Let me start off by saying that despite its size, Valletta (Malta’s capital city) has been in the middle of a mash of ancient civilizations such as Greeks, Romans and Arabs therefore, it was only natural to think these rich influences would be reflected in the food, architecture and people. Nevertheless, it came as a surprise.
All you see is a pleasant mix of cultural diversity. Everything is the result of this long relationship between the Islanders and the many civilizations who occupied the island over the centuries.
We spent a couple of days walking around Valletta with our friends, who have been living there for some time now and proved themselves as great hosts and guides.
The entrance into the city (“City Gate”) is beautiful! Although I wouldn’t call it a gate, it’s more of an opening in the fortifications with a modern twist, really unexpected!
We soon realized that Valletta isn’t completely frozen in time, and the most striking proof of this is the definitively modern remodeling of the area around the City Gate by renowned architect Renzo Piano.
Straight to the Barrakka gardens.
Our first stop. One cannot visit the lovely island of Malta without stopping in Valletta and visiting the Barraka Gardens!
The view from the upper gardens overlooking the Grand Harbor and the three ancient cities Vittoriosa, Senglea and Cospicua, must be one of the greatest city views in Malta.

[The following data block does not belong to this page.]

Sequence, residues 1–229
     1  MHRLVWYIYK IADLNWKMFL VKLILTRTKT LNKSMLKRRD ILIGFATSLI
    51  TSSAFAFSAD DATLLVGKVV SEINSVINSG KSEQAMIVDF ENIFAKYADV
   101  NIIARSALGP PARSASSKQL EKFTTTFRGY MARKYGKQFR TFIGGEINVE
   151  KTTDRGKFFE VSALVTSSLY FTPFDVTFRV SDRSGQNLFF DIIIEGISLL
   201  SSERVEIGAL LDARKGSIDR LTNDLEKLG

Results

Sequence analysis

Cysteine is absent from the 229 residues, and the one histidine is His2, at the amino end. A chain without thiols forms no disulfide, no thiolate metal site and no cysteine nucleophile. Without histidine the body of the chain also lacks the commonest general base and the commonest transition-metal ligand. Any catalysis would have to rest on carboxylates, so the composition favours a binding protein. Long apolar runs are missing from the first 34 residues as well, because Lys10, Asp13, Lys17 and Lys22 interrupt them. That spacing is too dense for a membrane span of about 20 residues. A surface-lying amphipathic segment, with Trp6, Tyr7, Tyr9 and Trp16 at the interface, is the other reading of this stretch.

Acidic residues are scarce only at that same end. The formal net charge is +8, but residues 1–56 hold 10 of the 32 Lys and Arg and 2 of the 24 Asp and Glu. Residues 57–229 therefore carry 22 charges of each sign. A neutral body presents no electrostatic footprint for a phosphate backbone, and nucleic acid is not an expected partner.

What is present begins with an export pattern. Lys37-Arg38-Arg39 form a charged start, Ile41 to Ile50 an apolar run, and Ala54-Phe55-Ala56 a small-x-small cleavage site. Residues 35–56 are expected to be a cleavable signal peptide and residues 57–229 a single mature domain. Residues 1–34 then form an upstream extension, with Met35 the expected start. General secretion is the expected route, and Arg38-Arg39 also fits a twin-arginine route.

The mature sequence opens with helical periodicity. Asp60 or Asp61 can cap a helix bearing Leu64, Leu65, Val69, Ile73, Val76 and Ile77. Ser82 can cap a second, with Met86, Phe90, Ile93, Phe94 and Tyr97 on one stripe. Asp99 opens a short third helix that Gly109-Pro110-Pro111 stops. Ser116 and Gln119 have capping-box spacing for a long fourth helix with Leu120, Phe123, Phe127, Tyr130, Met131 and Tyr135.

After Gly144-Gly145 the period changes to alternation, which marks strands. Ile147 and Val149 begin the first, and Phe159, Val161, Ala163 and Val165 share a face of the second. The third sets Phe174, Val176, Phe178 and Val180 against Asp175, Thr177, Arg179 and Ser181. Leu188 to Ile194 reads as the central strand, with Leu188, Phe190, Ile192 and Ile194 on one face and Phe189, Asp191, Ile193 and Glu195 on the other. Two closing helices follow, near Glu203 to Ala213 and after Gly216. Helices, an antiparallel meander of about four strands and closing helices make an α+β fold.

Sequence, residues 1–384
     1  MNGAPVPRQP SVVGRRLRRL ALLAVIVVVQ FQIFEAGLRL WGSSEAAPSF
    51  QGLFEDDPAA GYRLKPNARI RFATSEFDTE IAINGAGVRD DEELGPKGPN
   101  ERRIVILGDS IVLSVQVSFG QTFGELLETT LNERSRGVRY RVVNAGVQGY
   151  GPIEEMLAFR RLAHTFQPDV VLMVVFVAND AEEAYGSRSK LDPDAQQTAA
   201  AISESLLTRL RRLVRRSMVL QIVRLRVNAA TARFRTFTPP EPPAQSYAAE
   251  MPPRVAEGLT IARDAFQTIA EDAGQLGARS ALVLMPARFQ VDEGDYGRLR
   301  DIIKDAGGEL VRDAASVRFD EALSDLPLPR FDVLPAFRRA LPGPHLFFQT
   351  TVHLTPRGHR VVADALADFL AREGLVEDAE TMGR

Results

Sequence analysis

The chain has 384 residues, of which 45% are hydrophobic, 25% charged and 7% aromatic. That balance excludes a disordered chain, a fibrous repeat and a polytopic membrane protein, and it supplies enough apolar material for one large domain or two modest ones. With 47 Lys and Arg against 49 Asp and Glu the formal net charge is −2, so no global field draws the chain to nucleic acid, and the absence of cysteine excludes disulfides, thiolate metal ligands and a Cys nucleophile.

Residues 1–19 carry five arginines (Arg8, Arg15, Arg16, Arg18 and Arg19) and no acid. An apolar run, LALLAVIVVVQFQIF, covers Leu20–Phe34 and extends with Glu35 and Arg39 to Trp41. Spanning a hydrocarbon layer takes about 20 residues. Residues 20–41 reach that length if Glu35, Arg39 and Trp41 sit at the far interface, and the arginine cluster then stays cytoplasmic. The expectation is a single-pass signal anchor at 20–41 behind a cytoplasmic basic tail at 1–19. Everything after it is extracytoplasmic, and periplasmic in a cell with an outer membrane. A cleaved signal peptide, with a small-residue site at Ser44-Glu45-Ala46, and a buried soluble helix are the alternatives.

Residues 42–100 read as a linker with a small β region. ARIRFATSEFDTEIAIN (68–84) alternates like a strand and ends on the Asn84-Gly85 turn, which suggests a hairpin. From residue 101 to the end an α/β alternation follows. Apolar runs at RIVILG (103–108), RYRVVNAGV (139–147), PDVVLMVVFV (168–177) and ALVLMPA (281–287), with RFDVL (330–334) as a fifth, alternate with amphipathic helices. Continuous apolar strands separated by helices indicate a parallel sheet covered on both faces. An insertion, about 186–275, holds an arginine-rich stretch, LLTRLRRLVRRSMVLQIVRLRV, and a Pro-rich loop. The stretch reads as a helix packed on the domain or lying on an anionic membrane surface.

This is also known as one of the most strategic positions in Malta, as is evidenced by the battery of antique canons facing the water. Everyday at noon they fire a cannon from the saluting battery with actors dressed in 19th century military uniforms. We didn’t get to see it live, but based on our friends recreation, it seemed liked something pretty nice to witness, so make sure to be there around noon and catch the show!
You have to pass through the garden to get to the lift which takes you down to the waterfront. (going down it’s free, but have to pay to go back up! Smart strategy, huh?)
The Lower Barrakka has lots of bars, shops and restaurants all along the waterfront. It’s an ideal place to sit down, grab a coffee or a drink and watch the great cruise ships anchored.
Here you’ll find a lot of boats ready to take you to different locations. We took a beautiful traditional water-taxi for 5 euros and went to visit Birgu.
For me, Valletta is charming, full of narrow cobbled streets, historic buildings, churches, museums and so much for the tourists to enjoy. Magnificent architecture in every direction!
The impact of the Knights of St. John on Malta’s history is still highly visible today. You can find various buildings and landmarks around that have survived the test of time.
You can also see the influence of the Knights through the use of the Maltese Cross. That symbol is still very much associated with Malta as a nation.
The St. John’s Co-Cathedral is absolutely amazing and definitely worth a visit. So misleading from the outside, but grandiose once you step in.
After visiting Saint-John’s Co-Cathedral, walk down the Republic Street to explore the area around Palace Square on the way to the next attraction: the Grand Master’s Palace.
And so on.
Just walk, meander, there is so much to see and you cant even get lost! Its a grid system; one of the first I might add.